the European Parliament has just voted on MiCA, a law that will eventually regulate the market for crypto-assets on the scale of the European Union. And if the content of the bill did not cause any particular surprises, a provision was fiercely debated: some parliamentarians proposed the prohibition of proof of work on EU territory, which would have led to no only the prohibition of mining, but also the prohibition of the assets themselves. With, in the forefront, Bitcoin (BTC) and Ethereum (ETH).
If this provision was finally rejected, it is indicative of a general state of mind in our societies according to which crypto-assets are harmful to the environment, mainly because of the quantity of electricity necessary for their operation, for example through mining. Calls have also been made for a few months not to use NFTs that operate on the Ethereum blockchain, since this encourages the development of its use, and therefore the corresponding electricity consumption.
While it is true that estimates are often very imprecise, even exaggerated, and that an increasing share of the energy used by mining is non-carbon, we must not forget what this activity is used for on a blockchain in proof of job: to validate transactions and make them immutable on the corresponding ledger. If we can do the same job, with the same level of security, using other processes that consume much less electricity, we should not hesitate to make the switchover.
And that is precisely what the Ethereum blockchain is about. In June 2022, it is planned to switch to proof of stake on this network, which amounts to reducing electricity consumption by more than 99%. The question that arises is of course what we lose in exchange.
Ethereum’s decision should be highlighted in the face of its current competition: Solana, Avalanche, Fantom and other Tezos are all already working today as proof of stake. And some actors in the world of traditional finance have already decided to use these alternative networks for their blockchain projects instead of Ethereum, justifying their decision mainly by the induced energy consumption: in addition to the public relations problem that this means that these companies could eventually be forced to pay the bill through carbon credits corresponding to their use of the network.
Ethereum is therefore only following the trend here. No major blockchain has emerged in the last three years that works via proof of work. It is therefore likely that the entire market will gradually switch to this new transaction validation process.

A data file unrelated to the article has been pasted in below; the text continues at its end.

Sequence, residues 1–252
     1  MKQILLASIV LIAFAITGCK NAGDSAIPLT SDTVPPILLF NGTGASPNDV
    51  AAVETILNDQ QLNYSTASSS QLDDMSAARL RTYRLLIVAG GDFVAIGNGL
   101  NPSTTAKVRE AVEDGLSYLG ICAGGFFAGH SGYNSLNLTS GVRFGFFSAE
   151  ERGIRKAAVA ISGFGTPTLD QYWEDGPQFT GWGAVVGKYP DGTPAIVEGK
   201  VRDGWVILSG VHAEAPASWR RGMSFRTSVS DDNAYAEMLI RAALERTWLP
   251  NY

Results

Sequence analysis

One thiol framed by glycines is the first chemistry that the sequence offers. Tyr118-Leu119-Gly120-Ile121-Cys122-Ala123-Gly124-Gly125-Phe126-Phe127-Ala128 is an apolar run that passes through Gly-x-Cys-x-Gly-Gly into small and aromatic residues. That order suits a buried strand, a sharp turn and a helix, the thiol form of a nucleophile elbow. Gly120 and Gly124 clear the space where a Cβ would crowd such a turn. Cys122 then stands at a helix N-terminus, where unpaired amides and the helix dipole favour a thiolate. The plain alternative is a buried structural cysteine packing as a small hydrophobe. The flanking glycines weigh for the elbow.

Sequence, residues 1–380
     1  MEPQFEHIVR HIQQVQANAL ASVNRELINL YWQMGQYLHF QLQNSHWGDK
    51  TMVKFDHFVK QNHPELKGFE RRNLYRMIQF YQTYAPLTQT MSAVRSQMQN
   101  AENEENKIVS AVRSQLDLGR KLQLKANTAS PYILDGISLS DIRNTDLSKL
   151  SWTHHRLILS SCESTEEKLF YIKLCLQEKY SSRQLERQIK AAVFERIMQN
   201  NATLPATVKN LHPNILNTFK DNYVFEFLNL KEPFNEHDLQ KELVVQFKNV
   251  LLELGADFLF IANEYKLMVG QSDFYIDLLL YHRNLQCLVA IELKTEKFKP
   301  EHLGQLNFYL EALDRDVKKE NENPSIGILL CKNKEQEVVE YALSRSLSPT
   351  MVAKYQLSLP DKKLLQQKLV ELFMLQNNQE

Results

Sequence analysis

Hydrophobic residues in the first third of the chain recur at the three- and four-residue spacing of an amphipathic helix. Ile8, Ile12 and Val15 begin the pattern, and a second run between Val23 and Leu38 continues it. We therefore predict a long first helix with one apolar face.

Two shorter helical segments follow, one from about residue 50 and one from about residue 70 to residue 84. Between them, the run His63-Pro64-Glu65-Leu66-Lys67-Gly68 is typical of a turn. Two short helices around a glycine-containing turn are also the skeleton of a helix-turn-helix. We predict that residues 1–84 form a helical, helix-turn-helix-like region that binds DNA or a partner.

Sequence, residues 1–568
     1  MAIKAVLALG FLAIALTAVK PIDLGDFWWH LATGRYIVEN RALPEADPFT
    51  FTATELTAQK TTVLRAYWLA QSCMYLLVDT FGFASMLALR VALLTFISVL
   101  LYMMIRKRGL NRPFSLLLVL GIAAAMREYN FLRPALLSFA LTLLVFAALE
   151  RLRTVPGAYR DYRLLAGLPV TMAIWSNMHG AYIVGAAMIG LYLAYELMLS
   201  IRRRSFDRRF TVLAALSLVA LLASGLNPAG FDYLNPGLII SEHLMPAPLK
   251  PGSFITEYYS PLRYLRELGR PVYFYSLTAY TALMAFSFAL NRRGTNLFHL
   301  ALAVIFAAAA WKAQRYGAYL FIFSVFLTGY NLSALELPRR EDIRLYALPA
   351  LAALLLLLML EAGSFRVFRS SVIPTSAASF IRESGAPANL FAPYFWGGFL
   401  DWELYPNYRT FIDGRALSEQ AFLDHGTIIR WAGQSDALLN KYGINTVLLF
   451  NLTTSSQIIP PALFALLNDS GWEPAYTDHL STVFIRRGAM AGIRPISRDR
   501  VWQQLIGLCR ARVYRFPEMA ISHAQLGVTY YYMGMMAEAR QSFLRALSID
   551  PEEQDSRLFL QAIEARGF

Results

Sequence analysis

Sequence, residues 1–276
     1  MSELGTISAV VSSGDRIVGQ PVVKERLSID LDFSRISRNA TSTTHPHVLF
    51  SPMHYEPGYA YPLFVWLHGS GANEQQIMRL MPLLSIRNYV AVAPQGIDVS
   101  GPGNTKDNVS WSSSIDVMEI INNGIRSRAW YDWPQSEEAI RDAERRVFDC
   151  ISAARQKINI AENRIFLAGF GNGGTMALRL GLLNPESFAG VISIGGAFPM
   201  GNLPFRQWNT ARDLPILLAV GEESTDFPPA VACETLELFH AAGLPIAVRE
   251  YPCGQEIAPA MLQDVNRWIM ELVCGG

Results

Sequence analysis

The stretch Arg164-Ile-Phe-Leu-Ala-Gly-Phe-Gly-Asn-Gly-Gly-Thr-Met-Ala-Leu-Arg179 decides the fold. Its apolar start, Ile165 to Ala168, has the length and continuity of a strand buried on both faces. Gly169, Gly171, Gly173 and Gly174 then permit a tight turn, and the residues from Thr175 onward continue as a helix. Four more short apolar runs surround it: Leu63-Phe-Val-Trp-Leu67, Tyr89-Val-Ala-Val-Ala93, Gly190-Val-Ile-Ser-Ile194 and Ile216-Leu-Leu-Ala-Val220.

However, it should be noted that proof of stake also poses a number of problems. In a proof-of-work model, the miners with the best-performing hardware are the ones most likely to validate transactions, and therefore receive the corresponding rewards. In proof of stake, those who have the largest number of tokens of the considered blockchain are those who have the best chance of validating transactions.
However, as we know, in many blockchain networks the tokens are extremely concentrated in the hands of the project creators and early investors. There is therefore an obvious danger of concentration of decision-making in very small hands, which threatens the very principle of decentralization that makes public blockchains work.
Ethereum managers assessed this risk and decided that the alternative, remaining in proof of work, posed more problems. A number of technical safeguards have already been put in place to prevent a small number of validators from taking over the entire network.
There is another implication of the decision to switch: in a proof-of-work network, constant monetary inflation is necessary to keep the network secure. Indeed, miners must have a remuneration to be able to continue to operate their machines. This remuneration comes from monetary creation, as on Bitcoin.
In proof of stake, this mechanism is no longer necessary. The market therefore expects a sharp drop in the creation of ether money to take place at the time of the switch to this transaction verification process. Ethereum could then become clearly deflationary, which would mechanically lead to upward pressure on prices over the long term.
The decision to switch the operation of Ethereum was carefully considered, taking into account the advantages and disadvantages it presents. For the reasons we have stated, the whole market expects Ethereum to rise sharply once this change takes place. Ethereum could then more than ever assert its dominance over its competitors managing smart-contracts, or even over the entire ecosystem of crypto-assets.
This text is written by Valente Manualdirector of research at Coinhouse and does not constitute investment advice. Do your own research before investing.
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